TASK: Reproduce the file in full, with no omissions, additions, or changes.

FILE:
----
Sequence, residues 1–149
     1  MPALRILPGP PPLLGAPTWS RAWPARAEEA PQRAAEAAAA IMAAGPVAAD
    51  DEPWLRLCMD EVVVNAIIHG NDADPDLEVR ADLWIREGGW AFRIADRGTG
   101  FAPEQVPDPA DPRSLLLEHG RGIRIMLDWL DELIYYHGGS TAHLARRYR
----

Sequence, residues 1–149
     1  MPALRILPGP PPLLGAPTWS RAWPARAEEA PQRAAEAAAA IMAAGPVAAD
    51  DEPWLRLCMD EVVVNAIIHG NDADPDLEVR ADLWIREGGW AFRIADRGTG
   101  FAPEQVPDPA DPRSLLLEHG RGIRIMLDWL DELIYYHGGS TAHLARRYR